A short distance uphill and three hundred feet south of the deer, I stopped behind the trunk of an old Callum and drew my bow.  She raised her head from the brush she was chewing, and lowered it again.  I closed my left eye, took aim at the hollow between her neck and left shoulder, drew my bow to full extension, and released the arrow.

After dressing the deer and eating lunch, I returned to my camp to salt the meat and prepare a gift for my family.  My way since leaving the village has been to bring them an offering from every kill.  Many capable hunters abide there, but this makes life easier for my mother, sisters, and uncle, and is an honorable gesture.  Packing the steaks into my bag, storing my share at my camp, and filling my canteen at the river, I left for the village, hoping to return before midnight.

I ran most of the way to the village, walking when my breath grew heavy, then running again after a minute or two.  This was early Fall when some leaves were changing color.  I heard their song as I ran and imagined myself flying through the air with the leaves on the tallest trees.  I flew over paths and jumped over fallen trees and leaped across streams from rock to rock, keeping my eyes and ears open for people and predators.  The bow on my back and ax in my belt gave me courage because I knew how to use them.

Entering the village one hour from sunset, I found my mother resting in the tent as her stew cooked over the fire outside.  She smiled in bed and lifted her arms for me.  I showed her the offering of meat and she called my sister, Nali, who peeked inside and stuck out her tongue at me, then took the meat away to store it.  Mother told the news of our tribe from the last two weeks.  I listened to some of it, but not all, because my mother’s voice is sharp and she speaks many words.  She said my uncle was struggling with the elders to set up a camp in the southern grasslands for the winter.  The winter before had been hungry due to hunters from other tribes killing game in our hills.  She asked me to stay for dinner that night but I said no, I hoped to return to my own camp by midnight, which was the truth.

Leaving the village at sunset I stopped at the market to see if Zeeba would give me some vegetables, she is like my aunt, but her husband, Temul, was there instead.  I thought about finding my uncle before I left, but I knew that he was busy.  The woods were dark when I left.  This was no problem because I had run the trails in the dark many times before, and the moon would be high and bright that night.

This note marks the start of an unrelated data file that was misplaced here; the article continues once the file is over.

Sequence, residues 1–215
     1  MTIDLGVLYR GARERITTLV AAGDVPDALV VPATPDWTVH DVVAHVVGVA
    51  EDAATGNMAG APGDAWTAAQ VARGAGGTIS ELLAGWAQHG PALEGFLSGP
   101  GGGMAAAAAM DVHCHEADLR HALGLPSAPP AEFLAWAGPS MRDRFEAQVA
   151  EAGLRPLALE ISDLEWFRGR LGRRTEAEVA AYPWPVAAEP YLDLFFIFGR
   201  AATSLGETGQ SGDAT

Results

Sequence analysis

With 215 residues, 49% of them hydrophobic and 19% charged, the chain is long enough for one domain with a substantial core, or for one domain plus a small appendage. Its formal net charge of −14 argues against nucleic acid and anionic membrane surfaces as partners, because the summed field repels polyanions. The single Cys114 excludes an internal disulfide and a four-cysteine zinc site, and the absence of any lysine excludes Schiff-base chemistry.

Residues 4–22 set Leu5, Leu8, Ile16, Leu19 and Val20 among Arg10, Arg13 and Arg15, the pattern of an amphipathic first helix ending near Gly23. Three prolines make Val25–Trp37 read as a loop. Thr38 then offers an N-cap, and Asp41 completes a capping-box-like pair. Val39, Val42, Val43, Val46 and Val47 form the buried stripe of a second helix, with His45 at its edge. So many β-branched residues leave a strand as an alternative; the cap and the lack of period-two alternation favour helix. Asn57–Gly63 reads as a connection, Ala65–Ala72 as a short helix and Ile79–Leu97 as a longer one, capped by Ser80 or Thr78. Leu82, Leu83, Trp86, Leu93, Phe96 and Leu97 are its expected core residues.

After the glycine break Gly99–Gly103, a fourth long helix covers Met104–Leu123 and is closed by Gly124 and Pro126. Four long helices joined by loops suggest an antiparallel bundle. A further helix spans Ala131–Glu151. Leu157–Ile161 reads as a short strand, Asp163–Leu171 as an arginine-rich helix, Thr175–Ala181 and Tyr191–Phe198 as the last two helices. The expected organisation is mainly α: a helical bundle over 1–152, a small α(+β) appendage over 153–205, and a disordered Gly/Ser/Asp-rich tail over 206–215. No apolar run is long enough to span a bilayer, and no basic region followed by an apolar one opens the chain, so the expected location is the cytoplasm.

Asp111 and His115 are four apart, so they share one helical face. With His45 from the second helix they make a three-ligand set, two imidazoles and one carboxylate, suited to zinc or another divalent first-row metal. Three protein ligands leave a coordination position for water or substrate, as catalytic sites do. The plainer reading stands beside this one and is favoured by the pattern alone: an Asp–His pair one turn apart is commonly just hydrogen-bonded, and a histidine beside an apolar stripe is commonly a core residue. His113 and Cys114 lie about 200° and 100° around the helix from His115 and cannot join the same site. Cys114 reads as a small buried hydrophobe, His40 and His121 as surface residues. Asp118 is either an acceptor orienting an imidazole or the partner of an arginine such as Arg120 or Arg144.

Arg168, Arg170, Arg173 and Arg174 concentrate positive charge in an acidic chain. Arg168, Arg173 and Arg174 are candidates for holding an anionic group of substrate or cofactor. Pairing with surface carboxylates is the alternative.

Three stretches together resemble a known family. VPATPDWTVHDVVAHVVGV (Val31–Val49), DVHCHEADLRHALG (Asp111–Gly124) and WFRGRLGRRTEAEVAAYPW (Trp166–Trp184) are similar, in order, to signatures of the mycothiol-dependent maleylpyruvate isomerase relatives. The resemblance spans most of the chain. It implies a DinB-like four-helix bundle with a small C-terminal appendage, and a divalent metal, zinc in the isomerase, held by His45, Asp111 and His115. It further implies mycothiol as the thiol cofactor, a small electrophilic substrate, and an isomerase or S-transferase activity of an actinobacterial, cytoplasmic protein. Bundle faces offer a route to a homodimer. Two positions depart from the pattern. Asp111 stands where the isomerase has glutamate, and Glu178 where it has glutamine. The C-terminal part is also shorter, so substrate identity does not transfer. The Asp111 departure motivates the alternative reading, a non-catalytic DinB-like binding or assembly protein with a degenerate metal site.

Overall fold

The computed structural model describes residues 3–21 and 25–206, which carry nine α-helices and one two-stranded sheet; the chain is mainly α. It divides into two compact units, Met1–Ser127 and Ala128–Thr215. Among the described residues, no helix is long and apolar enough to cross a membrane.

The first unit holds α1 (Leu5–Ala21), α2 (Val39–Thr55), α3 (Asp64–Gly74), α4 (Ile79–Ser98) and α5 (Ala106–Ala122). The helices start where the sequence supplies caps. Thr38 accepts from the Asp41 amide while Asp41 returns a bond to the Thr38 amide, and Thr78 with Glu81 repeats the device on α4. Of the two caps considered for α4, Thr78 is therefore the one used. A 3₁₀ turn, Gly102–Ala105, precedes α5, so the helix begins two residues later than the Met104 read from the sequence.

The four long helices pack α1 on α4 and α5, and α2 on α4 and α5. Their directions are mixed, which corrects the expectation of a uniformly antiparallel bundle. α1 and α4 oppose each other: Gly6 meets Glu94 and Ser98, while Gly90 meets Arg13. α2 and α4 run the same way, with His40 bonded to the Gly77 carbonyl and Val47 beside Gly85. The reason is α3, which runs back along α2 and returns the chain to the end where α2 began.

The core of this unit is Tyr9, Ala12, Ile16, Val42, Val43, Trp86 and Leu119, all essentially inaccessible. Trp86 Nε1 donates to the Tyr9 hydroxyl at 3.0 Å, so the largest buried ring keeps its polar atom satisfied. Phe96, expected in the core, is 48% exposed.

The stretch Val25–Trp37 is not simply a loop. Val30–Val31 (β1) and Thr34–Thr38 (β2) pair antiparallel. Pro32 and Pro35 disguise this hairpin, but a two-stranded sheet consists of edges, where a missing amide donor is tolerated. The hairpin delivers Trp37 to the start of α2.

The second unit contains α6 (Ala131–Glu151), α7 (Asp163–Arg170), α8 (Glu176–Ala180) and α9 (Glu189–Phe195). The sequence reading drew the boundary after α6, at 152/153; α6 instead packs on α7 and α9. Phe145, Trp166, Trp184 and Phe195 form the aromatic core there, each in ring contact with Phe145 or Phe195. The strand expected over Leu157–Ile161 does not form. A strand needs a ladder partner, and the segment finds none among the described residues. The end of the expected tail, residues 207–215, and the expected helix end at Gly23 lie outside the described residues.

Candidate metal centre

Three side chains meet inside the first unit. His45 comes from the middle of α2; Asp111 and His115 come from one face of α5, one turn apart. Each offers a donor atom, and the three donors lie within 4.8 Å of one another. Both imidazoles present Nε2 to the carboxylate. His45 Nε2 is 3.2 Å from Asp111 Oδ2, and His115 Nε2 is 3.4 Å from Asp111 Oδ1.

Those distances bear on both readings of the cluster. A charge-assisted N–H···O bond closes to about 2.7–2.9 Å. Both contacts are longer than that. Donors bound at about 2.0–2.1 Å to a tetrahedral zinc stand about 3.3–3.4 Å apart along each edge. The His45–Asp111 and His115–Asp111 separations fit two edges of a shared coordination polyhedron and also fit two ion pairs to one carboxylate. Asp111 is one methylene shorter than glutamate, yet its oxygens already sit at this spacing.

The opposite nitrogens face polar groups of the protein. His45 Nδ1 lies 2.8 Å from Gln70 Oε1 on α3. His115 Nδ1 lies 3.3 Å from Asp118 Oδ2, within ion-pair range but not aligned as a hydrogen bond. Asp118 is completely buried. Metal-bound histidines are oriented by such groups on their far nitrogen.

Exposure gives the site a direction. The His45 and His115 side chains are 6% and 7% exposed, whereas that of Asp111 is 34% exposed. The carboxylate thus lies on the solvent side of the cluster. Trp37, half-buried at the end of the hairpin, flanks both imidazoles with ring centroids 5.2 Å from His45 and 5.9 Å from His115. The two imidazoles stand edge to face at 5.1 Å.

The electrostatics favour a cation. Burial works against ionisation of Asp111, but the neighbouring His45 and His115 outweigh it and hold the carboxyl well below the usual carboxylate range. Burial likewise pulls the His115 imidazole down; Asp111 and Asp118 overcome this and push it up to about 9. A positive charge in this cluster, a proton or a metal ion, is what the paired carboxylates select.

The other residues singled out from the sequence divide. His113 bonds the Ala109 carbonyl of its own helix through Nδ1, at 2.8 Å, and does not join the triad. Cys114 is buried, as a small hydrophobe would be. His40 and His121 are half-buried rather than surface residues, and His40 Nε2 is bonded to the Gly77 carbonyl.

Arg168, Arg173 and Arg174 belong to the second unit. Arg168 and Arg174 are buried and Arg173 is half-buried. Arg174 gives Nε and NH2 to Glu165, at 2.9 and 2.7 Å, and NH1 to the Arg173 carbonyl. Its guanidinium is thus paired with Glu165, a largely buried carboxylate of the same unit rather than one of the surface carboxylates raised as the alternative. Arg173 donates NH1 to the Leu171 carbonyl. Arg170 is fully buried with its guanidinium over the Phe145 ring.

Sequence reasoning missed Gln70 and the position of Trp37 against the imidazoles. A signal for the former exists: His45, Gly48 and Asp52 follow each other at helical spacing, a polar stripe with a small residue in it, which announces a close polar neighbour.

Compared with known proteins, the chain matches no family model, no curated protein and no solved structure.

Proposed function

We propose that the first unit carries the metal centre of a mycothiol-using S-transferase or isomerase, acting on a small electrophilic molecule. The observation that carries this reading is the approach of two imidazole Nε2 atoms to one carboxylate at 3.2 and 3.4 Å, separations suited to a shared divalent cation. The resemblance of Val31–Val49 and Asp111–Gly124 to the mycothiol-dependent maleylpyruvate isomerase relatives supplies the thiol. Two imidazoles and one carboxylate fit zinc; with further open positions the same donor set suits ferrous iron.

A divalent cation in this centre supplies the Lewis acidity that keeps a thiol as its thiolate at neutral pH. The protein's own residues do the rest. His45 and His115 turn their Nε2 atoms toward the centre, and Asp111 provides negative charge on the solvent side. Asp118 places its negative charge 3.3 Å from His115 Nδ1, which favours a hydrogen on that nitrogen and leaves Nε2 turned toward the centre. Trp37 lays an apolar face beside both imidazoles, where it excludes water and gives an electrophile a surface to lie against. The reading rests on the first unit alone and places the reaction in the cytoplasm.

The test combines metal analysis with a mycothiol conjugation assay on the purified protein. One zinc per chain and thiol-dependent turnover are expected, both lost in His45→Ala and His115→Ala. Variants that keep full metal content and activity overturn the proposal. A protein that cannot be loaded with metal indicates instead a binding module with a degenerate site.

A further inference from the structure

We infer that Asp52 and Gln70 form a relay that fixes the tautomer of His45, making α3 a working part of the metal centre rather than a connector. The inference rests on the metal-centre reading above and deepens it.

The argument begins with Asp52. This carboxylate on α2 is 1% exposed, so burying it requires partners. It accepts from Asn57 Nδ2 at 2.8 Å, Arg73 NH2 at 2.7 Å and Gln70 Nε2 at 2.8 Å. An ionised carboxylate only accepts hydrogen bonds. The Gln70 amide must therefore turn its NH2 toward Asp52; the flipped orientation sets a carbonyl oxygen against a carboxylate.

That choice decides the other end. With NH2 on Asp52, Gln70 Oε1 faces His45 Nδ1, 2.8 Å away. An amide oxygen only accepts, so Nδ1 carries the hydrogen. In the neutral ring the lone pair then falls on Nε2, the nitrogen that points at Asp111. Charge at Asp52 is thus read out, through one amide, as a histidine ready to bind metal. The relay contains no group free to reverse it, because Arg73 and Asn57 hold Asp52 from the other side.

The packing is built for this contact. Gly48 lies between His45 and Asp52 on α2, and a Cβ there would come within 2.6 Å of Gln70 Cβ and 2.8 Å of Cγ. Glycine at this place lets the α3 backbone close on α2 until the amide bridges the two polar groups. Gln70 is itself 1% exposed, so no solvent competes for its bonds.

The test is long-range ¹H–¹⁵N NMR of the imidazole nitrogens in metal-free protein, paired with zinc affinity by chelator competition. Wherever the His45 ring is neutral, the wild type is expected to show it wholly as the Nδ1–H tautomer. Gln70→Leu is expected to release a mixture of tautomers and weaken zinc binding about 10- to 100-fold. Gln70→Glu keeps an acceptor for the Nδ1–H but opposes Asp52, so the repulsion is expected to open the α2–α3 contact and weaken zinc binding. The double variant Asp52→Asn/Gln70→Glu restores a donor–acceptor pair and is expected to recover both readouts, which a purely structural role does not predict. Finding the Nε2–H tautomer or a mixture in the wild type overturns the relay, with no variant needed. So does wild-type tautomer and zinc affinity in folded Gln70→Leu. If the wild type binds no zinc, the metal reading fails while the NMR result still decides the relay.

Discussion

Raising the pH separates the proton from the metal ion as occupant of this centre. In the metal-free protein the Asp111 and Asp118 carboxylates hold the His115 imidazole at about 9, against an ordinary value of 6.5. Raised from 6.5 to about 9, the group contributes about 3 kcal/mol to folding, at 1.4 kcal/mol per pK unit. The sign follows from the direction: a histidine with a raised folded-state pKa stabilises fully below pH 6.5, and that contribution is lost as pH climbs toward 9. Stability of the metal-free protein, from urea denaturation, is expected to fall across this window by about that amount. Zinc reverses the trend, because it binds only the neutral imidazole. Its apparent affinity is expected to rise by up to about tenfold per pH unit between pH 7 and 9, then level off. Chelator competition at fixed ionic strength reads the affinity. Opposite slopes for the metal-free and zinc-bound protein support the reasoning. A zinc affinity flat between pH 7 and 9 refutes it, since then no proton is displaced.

Coyotes yipped and howled after sunset, and sometimes bears and wolves came near the village, but that was rare.  As the moon rose I ran and kept running, not slowing for breath, alive with the spirit of life and the joy of life.  My legs and heart felt strong as I ran, flying with the leaves on the tallest trees.  Leaping over streams, launching off fallen trees on the path, climbing steep rises, and soaring down hills, the blood in my veins flowed through me, electrifying my journey in the quiet night.

The final stretch of the trip curved up along the river near my camp.  The moon shone brighter than the night before, the path and trees looked clearer, and I could see the light dancing on the surface of the water.  Coming to the fork where one of the paths led into the trees below the highest hill, a sharp rush surprised me and an arrow pierced a tree on the riverbank.  The next arrow hit the water, and the next tore through the brush as I ran behind a tree by the path.  The angle of the arrows showed the bowman to be one hundred and fifty feet away on the hillside, but he could have run down afterwards to fight me hand-to-hand.  I removed the ax from my belt and held it ready.  Without a sound the man appeared to my left, ten feet away by the path.  He had traded his bow for a crescent-shaped machete hanging beside his knee.  He saw my ax.

“I do not wish to fight you,” I said loudly.

“You seldom do,” he said back.  He was one of the Rihnlo Tribe.

“I have nothing to steal, except my bow and this ax.”

“It is enough,” he smiled.  This was when I knew that one of us would die.

More swiftly than I expected, his blade hissed beneath my chin then swung around below my knees, so I had to jump in order to dodge it.  The Rihnlo was fast and well-trained, but I was a champion of my village, and knew I could defeat him.  Watching the center of his chest as he weaved side to side, I saw his next strike before he did, and sank my ax into his throat.  The Rihnlo died at my feet, and I set his body and spirit free upon the river.

Dawn broke the next day and I returned to the hillside to collect his bow and other possessions.  Walking out of my camp I heard footsteps behind me in the leaves.  I was not alarmed because these were not the footsteps of a warrior. Gathering the bow and arrows from the hillside, and finding no other tools or goods there, I climbed to the crest of the highest hill where I had watched the sunrise the day before.  Leaning back against a large Callum tree, I let the one following me come within twenty feet, and called, “You are a friend of the Rihnlo I killed last night.  Come forward so I can see you.”